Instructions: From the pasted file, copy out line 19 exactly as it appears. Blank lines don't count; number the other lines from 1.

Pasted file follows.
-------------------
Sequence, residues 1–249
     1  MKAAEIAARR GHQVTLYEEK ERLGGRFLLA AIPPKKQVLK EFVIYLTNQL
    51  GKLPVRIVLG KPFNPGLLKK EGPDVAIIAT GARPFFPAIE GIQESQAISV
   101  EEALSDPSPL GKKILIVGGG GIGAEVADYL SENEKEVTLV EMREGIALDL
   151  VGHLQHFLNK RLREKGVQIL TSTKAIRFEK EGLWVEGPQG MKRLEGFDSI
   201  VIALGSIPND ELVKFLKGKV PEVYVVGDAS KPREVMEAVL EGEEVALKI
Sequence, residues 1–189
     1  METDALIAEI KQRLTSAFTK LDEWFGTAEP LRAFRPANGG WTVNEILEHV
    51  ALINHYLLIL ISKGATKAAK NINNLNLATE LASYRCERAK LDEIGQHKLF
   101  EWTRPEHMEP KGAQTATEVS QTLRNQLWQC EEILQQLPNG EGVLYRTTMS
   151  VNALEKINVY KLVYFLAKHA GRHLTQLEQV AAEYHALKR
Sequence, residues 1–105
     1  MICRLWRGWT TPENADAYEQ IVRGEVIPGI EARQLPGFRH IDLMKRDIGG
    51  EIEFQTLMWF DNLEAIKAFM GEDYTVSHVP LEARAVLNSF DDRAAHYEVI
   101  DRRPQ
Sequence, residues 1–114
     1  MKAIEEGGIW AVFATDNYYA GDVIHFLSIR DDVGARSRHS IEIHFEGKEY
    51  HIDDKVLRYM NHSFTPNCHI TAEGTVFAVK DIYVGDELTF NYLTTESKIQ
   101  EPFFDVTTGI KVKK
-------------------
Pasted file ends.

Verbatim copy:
   101  EPFFDVTTGI KVKK